The addition of black and brown stripes to the traditional pride flag symbolized people of color, who historically were not always included in aspects of the mainstream gay rights movement.
Lena Waithe, an American actress, wore the Philadelphia Pride Flag as a cape at the 2018 Met Gala. She is a powerful advocate for black people within the entertainment industry and this flag spiked in popularity after she elevated its visibility.
The Transgender Flag was first created in 1999 by Monica Helms, a transgender woman. Light blue and pink are featured because they’re the traditional colours associated with baby boys and girls, respectively. The white stands for those who are intersex, transitioning or those who don´t feel identified with any gender.
Transgender people have a gender identity or gender expression that differs from the sex that they were assigned at birth. According to Amnesty International, 1.5 million transgender people live in the European Union, making up 0.3% of the population. And more than 1.4 million trans adults living in the U.S., which is about 0,5% of the population.
Violence against the queer community affects trans people of color the most. Therefore, the Transgender Flag is so important! The trans community needs representation and resources to be visible without fear.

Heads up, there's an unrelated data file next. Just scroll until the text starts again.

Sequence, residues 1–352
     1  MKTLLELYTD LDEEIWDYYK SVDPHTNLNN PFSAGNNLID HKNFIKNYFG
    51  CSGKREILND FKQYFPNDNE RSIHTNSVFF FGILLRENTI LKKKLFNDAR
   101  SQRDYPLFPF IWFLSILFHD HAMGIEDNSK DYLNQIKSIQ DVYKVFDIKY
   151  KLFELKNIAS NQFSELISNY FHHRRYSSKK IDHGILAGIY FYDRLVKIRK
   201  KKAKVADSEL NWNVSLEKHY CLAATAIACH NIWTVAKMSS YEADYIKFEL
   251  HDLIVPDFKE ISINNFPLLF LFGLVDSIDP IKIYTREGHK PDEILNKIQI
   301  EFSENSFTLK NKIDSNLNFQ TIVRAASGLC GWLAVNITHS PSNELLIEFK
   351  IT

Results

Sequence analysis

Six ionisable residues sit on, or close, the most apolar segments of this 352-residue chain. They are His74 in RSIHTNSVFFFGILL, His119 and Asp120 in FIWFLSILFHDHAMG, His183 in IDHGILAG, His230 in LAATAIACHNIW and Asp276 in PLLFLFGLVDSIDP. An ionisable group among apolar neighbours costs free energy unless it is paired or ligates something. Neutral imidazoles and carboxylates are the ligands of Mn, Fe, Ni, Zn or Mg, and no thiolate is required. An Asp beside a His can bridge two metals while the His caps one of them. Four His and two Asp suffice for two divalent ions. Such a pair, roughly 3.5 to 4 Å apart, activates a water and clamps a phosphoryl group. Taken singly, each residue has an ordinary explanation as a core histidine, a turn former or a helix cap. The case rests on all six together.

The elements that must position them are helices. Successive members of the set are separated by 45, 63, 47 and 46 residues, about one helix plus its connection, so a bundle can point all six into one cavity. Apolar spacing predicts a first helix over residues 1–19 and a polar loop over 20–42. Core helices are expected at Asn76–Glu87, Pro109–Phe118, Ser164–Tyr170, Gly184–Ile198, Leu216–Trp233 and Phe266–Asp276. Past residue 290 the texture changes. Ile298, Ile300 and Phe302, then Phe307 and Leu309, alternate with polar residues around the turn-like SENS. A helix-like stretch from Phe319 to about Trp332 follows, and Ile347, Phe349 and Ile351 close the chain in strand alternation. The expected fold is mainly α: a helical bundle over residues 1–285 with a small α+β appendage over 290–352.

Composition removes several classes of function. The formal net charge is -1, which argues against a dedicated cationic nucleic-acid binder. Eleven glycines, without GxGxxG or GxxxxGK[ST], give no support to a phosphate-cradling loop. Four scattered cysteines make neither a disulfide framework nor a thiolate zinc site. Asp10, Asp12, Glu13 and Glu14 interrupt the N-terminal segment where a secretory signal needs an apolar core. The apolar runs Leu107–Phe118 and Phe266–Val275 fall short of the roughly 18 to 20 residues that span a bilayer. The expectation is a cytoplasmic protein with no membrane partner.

Given the evolving nature of the LGBTQ+ community and society at large, the Progress Pride Flag integrates many of these flags into one. Thankfully, it has been redesigned to place a greater emphasis on “inclusion and progression.” Our community is such a huge umbrella of different kinds of people and that is what makes us so special, that is what makes us so unique and that is what makes us so powerful.
The modern pride flag now includes stripes to represent the experiences of people of colour, as well as stripes to represent people who identify as transgender, gender nonconforming (GNC) and/or undefined.